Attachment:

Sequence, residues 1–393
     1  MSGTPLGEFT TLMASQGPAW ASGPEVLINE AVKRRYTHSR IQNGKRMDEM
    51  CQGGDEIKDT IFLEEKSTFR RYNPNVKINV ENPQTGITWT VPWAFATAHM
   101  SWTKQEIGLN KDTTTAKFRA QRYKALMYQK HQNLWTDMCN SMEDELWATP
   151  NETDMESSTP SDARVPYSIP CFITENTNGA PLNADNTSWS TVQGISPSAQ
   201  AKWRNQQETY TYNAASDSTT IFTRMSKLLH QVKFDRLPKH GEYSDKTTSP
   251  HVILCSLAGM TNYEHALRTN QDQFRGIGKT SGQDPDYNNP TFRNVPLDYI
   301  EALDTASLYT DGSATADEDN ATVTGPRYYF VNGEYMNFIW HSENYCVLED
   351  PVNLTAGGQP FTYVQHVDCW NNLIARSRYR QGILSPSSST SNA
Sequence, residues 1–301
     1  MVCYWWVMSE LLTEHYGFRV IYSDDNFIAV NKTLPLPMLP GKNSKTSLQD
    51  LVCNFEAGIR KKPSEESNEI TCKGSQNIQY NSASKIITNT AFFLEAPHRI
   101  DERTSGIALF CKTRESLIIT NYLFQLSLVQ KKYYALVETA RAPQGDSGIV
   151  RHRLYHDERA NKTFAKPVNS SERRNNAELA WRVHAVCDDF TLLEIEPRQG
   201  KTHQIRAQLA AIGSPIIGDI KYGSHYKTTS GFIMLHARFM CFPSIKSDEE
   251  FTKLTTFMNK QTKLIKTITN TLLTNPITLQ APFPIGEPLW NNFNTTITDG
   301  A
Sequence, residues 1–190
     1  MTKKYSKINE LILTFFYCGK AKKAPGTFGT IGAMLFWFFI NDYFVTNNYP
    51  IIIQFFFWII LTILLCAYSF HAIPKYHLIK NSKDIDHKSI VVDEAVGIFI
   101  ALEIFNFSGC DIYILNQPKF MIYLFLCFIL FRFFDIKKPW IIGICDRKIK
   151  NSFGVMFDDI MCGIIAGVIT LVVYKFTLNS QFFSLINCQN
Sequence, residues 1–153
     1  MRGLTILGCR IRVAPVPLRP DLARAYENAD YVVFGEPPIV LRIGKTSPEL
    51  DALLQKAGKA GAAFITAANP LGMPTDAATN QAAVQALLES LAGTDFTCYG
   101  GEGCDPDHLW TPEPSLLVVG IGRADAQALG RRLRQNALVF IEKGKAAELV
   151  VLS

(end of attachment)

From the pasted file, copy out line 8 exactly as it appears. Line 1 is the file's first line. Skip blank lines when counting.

   301  EALDTASLYT DGSATADEDN ATVTGPRYYF VNGEYMNFIW HSENYCVLED